Charlie bends his slightly over six foot frame to study the full length of the job at hand. His blue eyes squint and, to get a better view, he takes off his sweat-stained red baseball cap. His ponytail of graying blond hair sways a few times against his shoulders. He smells of work—pine and sweat—and has a couple of scars across his right forearm. He’s missing a few front teeth. You measure him to be anywhere from mid-forty to mid-sixty and bet girls started falling for him in the sixth grade. The affection he shows for his boss would loop to him any smart woman with worn feet. There’s already the lard thing between you and him.
“That’s what we call a widow maker,” he says of your tree.
“You’re not going to climb it, are you?”
He looks down at me and laughs, “you brought my pie?”
“I got it,” you say.
It’s sitting on the counter of your tiny kitchen and it is the bleakest pie anyone has ever contemplated. You cut in too much barely fresh commercial lard. Worse, you lost count of how much water you added. The first rule of crust making is to remove all distractions around you. Your crust is a good representation of just how hard it is these days to not be distracted. Given the age of the lard, the filling may taste more like a pig roast than a mélange of apples. Given the water thing and the correction you tried by rolling it over a lot of flour it’s going to be what pie bakers in the 16th century called a coffin. You’re woman enough to advise Charlie to chop a piece from the pie pan, smack the crust open with the back of a spoon, zap the mess in the microwave for around a minute, then take it out and drop a large scoop of ice cream on it.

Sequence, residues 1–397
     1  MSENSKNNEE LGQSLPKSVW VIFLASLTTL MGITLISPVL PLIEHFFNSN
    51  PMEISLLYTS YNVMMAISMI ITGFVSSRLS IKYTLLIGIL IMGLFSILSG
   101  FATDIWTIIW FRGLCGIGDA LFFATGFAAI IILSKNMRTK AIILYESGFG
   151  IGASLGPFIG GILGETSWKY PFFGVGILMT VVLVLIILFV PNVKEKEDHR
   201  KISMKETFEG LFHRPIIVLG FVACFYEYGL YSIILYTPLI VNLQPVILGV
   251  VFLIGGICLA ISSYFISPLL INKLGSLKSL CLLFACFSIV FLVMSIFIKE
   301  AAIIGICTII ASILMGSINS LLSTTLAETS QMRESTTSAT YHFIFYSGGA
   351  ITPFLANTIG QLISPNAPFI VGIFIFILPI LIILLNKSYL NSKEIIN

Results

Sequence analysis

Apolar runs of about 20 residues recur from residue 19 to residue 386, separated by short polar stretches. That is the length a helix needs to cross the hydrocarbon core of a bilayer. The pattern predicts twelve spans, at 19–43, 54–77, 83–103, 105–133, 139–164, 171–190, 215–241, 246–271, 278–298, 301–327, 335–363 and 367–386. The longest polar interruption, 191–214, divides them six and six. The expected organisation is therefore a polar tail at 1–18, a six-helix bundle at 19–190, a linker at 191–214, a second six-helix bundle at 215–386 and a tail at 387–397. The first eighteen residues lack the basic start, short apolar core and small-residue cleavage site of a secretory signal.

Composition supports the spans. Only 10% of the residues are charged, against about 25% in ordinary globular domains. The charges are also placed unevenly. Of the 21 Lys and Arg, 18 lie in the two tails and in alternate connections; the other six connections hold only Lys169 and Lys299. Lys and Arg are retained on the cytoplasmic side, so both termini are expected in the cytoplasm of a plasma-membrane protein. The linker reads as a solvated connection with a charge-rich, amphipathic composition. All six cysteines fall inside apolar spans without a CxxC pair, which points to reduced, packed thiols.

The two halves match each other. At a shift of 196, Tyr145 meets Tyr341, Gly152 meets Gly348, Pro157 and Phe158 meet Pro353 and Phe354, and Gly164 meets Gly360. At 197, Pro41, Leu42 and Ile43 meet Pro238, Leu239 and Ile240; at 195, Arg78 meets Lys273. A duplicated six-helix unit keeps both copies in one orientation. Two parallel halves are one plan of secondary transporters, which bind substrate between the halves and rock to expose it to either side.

Charlie laughs. “That’s all right by me. A pie’s a pie.”
How can you not hold a lot of affection for a person who goes through life believing this?
Just as you turn to go inside and retrieve your you-should-be-ashamed-of-yourself pie, Charlie’s oldest son and son-in-law arrive with a bucket truck and they start arguing about the best way to approach the tree. Charlie and your husband are standing around at a safe distance watching the younger man while trading son jokes when you carry the damn pie back. It’s pretty clear the men are enjoying themselves and you leave them to it to walk over to Annette.
“Look at that,” she exclaims over the pie in her lap, a very charitable woman, indeed. Her COPD has curbed her cooking skills and maybe that’s why she adds, “you can have him if you make meatloaf and mashed potatoes the next time.”
Meatloaf happens to be one of your all time blue ribbon specialities. There are a handful more trees threatening the little house so, yes, the next time you will make a big meatloaf for Charlie and Annette.
Soon enough the tree comes down and the younger men start throwing stumps into the back of Charlie’s truck. The bill Annette hands you is more than what the crummy apple pie cost, and extremely less than you expected.
“How much?!” Charlie yelps when he sees the amount of the check I’m writing out.
Annette says, “add in the apple pie.”
He does and shakes your husband’s hand and yours. Then they drive away—Charlie and Annette, a pitiful but well-intentioned apple pie, and a truck bed full of desiccated tree trunks.
And don’t forget to leave a note! I’m all alone….would like to hear from you!